This is a compilation of Tennessee news and political stories assembled daily by staffers in Gov. Bill Haslam’s office.
Republican Gov. Bill Haslam on Friday unveiled the Tennessee Data Dashboard he promised during a 2010 campaign speech. The website amounts to an annual report card that measures state progress and holds him accountable on key Tennessee indicators such as jobs and economic development, education, health and public safety.
Tennessee teachers earned one of the highest overall grades in the nation on the National Council on Teacher Quality’s 2011 State Teacher Policy Yearbook. Tennessee earned a B- and was one of only four states to receive a B grade.
Gov. Bill Haslam recently extended an executive order to allow haulers of hay to carry larger loads in their trucks as long as they observe safety requirements. The order is in response to drought and extreme weathers conditions in Texas and across the Southeast, which has left some farmers without access to hay for livestock.
Rich Products Corp. in Arlington has received a $25,000 state grant to train its employees. The food manufacturing facility sought the grant to help make the plant more efficient and produce more product, according to its grant application.
Some school officials are criticizing Gov. Bill Haslam’s proposals that would give local school boards the power to lift average class size mandates and set their own teacher salaries, disregarding pay scales based on experience and level of education. “I am disappointed Gov. Haslam chose to begin the 2012 session with such a blatant attack on Tennessee’s public schools,” Tennessee Education Association President Gera Summerford, who teaches math at Gatlinburg-Pittman, said.
A state agency has proposed new rules aimed at getting more addicts out of methadone clinics and into programs that wean them completely off drugs. Some of those rules may have unintended consequences, say the people who run the clinics.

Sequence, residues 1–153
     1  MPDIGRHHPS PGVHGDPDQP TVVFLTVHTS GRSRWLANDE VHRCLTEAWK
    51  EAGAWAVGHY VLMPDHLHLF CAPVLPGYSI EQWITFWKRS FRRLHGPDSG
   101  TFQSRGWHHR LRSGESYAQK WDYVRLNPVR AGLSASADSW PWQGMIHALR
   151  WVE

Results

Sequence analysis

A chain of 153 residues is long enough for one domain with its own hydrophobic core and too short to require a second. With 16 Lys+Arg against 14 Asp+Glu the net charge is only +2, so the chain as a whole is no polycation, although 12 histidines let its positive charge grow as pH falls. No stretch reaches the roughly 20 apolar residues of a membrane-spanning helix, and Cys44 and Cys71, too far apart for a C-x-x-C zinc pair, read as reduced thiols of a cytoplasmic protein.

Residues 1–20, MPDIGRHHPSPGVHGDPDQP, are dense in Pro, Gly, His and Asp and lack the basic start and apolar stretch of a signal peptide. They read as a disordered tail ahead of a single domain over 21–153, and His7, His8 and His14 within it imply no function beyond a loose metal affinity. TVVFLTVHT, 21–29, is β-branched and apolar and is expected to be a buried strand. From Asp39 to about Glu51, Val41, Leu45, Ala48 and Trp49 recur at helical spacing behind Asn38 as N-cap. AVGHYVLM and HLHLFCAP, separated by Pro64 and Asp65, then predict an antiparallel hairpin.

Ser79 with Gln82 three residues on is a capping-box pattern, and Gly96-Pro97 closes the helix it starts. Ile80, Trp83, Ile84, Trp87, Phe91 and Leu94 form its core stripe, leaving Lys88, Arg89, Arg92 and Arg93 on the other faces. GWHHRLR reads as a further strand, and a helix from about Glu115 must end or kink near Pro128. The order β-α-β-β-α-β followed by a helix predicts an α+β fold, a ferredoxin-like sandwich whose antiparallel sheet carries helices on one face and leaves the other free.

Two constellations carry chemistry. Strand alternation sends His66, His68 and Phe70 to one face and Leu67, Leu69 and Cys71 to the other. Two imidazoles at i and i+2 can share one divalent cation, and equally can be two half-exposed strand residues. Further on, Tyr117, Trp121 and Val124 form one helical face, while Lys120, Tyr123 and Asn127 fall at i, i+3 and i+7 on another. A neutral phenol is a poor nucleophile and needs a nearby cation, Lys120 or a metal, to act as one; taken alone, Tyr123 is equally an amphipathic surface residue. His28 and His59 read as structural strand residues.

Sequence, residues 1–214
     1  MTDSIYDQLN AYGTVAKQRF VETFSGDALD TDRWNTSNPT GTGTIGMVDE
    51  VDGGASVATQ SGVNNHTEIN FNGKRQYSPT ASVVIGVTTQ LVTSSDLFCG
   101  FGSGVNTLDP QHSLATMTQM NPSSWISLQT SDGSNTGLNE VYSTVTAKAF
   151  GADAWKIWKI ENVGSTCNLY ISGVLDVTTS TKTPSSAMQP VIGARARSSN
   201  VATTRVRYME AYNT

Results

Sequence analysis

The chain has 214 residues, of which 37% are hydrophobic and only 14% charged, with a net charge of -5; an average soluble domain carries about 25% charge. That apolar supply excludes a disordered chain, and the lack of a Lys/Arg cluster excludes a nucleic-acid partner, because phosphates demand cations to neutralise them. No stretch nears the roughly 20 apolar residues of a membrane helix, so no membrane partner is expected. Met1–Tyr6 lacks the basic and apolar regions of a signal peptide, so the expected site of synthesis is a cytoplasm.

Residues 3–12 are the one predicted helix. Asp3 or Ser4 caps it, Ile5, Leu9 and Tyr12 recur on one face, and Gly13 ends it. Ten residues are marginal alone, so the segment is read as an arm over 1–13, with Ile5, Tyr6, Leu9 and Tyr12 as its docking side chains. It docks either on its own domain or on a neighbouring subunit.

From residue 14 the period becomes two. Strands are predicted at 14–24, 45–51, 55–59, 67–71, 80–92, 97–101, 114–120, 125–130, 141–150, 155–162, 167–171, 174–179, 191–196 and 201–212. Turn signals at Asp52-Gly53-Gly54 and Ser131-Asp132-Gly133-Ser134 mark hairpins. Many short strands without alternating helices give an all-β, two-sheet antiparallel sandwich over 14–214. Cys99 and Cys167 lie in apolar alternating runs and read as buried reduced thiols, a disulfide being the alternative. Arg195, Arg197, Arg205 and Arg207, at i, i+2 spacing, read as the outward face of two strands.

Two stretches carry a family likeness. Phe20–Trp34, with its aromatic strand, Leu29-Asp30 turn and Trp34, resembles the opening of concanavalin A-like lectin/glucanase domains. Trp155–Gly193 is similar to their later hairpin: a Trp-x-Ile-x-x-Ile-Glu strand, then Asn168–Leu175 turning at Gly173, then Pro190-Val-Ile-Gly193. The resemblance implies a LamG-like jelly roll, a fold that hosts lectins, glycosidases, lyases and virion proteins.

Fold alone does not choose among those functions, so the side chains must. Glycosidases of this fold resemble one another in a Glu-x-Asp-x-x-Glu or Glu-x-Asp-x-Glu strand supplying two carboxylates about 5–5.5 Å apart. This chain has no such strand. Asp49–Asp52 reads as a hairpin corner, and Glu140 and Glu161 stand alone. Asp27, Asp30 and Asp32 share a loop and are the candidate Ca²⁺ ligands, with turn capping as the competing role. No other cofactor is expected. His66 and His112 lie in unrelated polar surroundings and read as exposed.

The county’s jobless rate has dropped again — this time falling to 8.9 percent, according to the latest preliminary numbers released by the Tennessee Department of Labor and Workforce Development. There were 2,030 Bedford County residents to claim unemployment in December, with 20,660 working out of a labor force of 22,690.
Students at UTC are being told to retake classes they may not need to repeat and, in some cases, fork over more money for the added courses. Academic officials at the University of Tennessee at Chattanooga said they won’t tell all students that the grades now required in some classes aren’t the ones agreed to when the students enrolled. “That would be like yelling fire in a crowded theater,” said UTC Provost Phil Oldham.
A Knoxville attorney has been suspended for two years by the Tennessee Supreme Court. Wesley Markland Baker’s license was suspended “for a definite period of two years and indefinitely thereafter until Mr. Baker makes full restitution to his client and/or the Lawyer’s Fund for Client Protection,” a news release stated. According to the news release, on Nov. 5, the Board of Professional Responsibility filed a petition for discipline against Baker.